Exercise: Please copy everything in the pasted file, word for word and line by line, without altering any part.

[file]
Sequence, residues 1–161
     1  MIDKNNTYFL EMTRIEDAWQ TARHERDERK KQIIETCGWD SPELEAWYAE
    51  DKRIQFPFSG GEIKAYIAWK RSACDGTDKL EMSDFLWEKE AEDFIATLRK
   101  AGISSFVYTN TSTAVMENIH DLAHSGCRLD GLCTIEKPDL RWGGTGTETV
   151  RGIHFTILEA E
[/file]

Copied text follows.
Sequence, residues 1–161
     1  MIDKNNTYFL EMTRIEDAWQ TARHERDERK KQIIETCGWD SPELEAWYAE
    51  DKRIQFPFSG GEIKAYIAWK RSACDGTDKL EMSDFLWEKE AEDFIATLRK
   101  AGISSFVYTN TSTAVMENIH DLAHSGCRLD GLCTIEKPDL RWGGTGTETV
   151  RGIHFTILEA E